When our son Christopher was called home to heaven almost 11 years ago, it was so traumatizing that I wondered whether I would survive it.
Yes, I am a pastor, but when the day was done, I was just a father in pain. So I reached out to fellow pastors and some other wonderful people I know, and they were a great encouragement to me.
Like anyone else, I had questions. And even though I have provided others with answers many times, I still was in need of help myself. I also reached out to other parents who had lost children, because knowing there was someone who had somehow survived it was comforting to me.
This is where community comes in, and this is where the church comes in. At our church campus in Maui, they call it “‘ohana,” the Hawaiian word for “family.” We don’t need to suffer alone. The Bible says, “Share each other’s burdens, and in this way obey the law of Christ” (Galatians 6:2 NLT).
The advantage of being part of a church is that you have a circle of people who ultimately will become your friends. You have someone to talk to, someone to whom you can say, “Can I share something with you?” or “Will you pray about this with me?” It’s wonderful when we can do that for one another. We are not alone in our suffering.
I think, however, there is something in us that doesn’t want to admit we need help. Why is that? Because we’re proud, that’s why. We all need to humble ourselves and acknowledge that we need help from other people … and especially from God.
Jesus said, “Come to me, all of you who are weary and carry heavy burdens, and I will give you rest” (Matthew 11:28 NLT). That’s quite a promise. We all have cares and worries and anxieties that weigh us down. Sometimes they even wake us up in the middle of the night.
In the Sermon on the Mount, Jesus gave these powerful words: “So don’t worry about these things, saying, ‘What will we eat? What will we drink? What will we wear?’ These things dominate the thoughts of unbelievers, but your heavenly Father already knows all your needs” (Matthew 6:31–32 NLT).
Jesus isn’t saying that we should not think about those things or be concerned with the needs of life. Rather, he is saying, “Don’t worry about it.”
Elsewhere in Scripture, we’re commended for working hard and saving and investing, so there is a place for that. But Jesus is saying, “Don’t have anxiety about the issues of life. Stop doing what you’ve already been doing.”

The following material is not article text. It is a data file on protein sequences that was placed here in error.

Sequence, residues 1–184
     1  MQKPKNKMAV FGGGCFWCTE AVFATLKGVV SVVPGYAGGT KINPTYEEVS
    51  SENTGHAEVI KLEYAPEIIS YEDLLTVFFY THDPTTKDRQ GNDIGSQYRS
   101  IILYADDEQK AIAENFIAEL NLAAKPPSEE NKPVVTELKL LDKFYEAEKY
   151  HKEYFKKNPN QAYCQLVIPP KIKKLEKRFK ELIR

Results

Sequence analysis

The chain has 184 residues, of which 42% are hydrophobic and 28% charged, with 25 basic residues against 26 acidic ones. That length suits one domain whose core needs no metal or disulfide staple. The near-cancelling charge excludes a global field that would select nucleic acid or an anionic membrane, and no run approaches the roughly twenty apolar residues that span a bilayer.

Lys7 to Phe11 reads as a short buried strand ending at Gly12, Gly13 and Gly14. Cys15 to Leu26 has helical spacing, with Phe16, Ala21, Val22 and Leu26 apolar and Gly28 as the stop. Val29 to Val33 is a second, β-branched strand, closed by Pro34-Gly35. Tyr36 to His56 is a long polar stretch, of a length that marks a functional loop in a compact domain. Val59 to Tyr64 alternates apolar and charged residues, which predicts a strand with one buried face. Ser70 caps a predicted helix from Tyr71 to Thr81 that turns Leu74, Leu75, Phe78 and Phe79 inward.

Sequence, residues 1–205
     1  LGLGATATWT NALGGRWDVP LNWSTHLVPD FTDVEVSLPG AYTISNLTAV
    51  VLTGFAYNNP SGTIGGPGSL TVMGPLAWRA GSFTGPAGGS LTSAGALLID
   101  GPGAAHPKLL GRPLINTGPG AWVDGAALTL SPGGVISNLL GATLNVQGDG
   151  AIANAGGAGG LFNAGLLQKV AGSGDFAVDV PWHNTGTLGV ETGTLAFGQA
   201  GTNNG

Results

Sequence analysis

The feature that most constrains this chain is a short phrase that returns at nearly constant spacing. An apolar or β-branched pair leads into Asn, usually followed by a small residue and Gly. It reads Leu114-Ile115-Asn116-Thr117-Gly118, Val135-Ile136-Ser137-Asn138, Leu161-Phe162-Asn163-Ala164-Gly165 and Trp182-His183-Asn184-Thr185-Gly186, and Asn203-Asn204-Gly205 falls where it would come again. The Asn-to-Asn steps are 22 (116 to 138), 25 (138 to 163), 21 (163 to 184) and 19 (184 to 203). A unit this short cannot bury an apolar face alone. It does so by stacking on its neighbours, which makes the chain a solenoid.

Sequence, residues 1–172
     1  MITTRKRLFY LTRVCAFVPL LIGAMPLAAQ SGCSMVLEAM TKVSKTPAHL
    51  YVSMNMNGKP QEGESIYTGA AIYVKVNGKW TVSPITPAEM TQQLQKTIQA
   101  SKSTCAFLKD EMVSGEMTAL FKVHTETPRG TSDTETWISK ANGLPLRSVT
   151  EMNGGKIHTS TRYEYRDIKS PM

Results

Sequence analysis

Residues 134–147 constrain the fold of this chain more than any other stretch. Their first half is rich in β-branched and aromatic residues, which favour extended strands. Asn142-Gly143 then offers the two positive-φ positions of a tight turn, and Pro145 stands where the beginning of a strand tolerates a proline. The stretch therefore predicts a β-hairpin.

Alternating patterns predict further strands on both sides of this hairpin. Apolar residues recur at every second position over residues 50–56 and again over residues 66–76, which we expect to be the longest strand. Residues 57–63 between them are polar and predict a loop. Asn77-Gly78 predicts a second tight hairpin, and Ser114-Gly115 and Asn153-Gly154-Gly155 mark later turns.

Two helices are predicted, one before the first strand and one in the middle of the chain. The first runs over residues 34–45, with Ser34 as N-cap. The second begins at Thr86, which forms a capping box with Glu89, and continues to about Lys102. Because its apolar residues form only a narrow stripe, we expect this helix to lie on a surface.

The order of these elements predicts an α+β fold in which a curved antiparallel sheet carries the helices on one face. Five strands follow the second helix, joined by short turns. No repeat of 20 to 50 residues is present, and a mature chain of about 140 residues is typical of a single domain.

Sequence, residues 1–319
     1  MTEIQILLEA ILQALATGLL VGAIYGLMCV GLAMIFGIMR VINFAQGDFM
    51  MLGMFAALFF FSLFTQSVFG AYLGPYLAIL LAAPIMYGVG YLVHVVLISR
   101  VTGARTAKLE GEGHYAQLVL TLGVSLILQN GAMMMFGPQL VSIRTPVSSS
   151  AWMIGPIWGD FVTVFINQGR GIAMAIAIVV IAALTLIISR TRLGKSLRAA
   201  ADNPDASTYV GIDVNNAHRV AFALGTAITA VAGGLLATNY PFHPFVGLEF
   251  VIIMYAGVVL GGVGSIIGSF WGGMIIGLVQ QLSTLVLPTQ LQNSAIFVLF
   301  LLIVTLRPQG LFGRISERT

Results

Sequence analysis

Jesus did most of his teaching outdoors. While he spoke in a synagogue on occasion, mostly he was out and about with his disciples. So he used this to give an illustration about worry: “Look at the birds. They don’t plant or harvest or store food in barns, for your heavenly Father feeds them. And aren’t you far more valuable to him than they are?” (Matthew 6:26 NLT). He was pointing out that birds don’t worry, so why should we?
I have a bird feeder in front of my kitchen window, and I like to watch the birds come and eat. But I haven’t ever seen them getting stressed out. They fly in, get their seed, and take off. They know that feeder will have seed in it.
It reminds me of an old poem I came across years ago:
Said the robin to the sparrow,
“Friend, I’d really like to know,
Why these anxious human beings
Rush about and worry so.”
Said the sparrow to the robin,
“Friend, I think that it must be,
That they have no Heavenly Father,
Such as cares for you and me.”
Jesus went on to say, “And why worry about your clothing? Look at the lilies of the field and how they grow. They don’t work or make their clothing, yet Solomon in all his glory was not dressed as beautifully as they are. And if God cares so wonderfully for wildflowers that are here today and thrown into the fire tomorrow, he will certainly care for you. Why do you have so little faith?” (verses 28–30 NLT).
Jesus was pointing out that we should not be obsessed with the outward. He isn’t saying we shouldn’t think about the outward; he’s saying that we shouldn’t be obsessed with it.
When we worry we’re not trusting God, essentially. Worry is a lack of trust in God. In fact, the word “worry” means “to strangle or to choke,” and that is exactly what worry does to you. It’s been said that worry does not empty tomorrow of its sorrow; it empties today of its strength. Worry is interest paid on troubles before they are due.
As 1 Peter 5:7 tells us, “Casting all your care upon Him, for He cares for you.” (NKJV). The word “casting” used here is a word signifying a definite act of the will. This means we are to stop worrying and let God assume the responsibility for our welfare. It’s deliberately, intentionally putting our cares into God’s hands. We need to give our burdens to God.
And notice the second part of the verse: “for He cares for you.” If it troubles you, then it concerns God. God is saying, “I care about you. I’m concerned about you. Why don’t you cast that on me?” When your burdens are piling up, bring them to God.
It comes down to this: We need to trust in the providence of God. For the follower of Jesus, the providence, or sovereignty, of God simply means that God is in control of our lives. Either God allows it or God does it. We may not understand it at the moment. But God is in control of all things. There are no accidents in the life of the Christian – nothing touches us that is not first passed through God’s loving hands.